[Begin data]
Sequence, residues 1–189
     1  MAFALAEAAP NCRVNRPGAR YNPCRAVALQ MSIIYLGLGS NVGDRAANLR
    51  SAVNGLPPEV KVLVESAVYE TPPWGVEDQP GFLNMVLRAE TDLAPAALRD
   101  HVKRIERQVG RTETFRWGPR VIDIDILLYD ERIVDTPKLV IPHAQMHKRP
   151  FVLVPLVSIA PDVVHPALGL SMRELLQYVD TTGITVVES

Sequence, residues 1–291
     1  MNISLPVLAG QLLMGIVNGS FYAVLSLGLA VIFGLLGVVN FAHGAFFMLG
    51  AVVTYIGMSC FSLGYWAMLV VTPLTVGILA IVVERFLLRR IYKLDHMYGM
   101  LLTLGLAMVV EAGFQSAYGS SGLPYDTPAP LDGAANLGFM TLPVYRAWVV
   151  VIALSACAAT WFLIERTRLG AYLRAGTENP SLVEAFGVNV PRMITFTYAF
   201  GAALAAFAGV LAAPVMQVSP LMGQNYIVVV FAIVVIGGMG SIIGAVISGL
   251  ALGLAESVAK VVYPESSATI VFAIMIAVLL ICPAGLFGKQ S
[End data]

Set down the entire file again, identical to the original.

Sequence, residues 1–189
     1  MAFALAEAAP NCRVNRPGAR YNPCRAVALQ MSIIYLGLGS NVGDRAANLR
    51  SAVNGLPPEV KVLVESAVYE TPPWGVEDQP GFLNMVLRAE TDLAPAALRD
   101  HVKRIERQVG RTETFRWGPR VIDIDILLYD ERIVDTPKLV IPHAQMHKRP
   151  FVLVPLVSIA PDVVHPALGL SMRELLQYVD TTGITVVES

Sequence, residues 1–291
     1  MNISLPVLAG QLLMGIVNGS FYAVLSLGLA VIFGLLGVVN FAHGAFFMLG
    51  AVVTYIGMSC FSLGYWAMLV VTPLTVGILA IVVERFLLRR IYKLDHMYGM
   101  LLTLGLAMVV EAGFQSAYGS SGLPYDTPAP LDGAANLGFM TLPVYRAWVV
   151  VIALSACAAT WFLIERTRLG AYLRAGTENP SLVEAFGVNV PRMITFTYAF
   201  GAALAAFAGV LAAPVMQVSP LMGQNYIVVV FAIVVIGGMG SIIGAVISGL
   251  ALGLAESVAK VVYPESSATI VFAIMIAVLL ICPAGLFGKQ S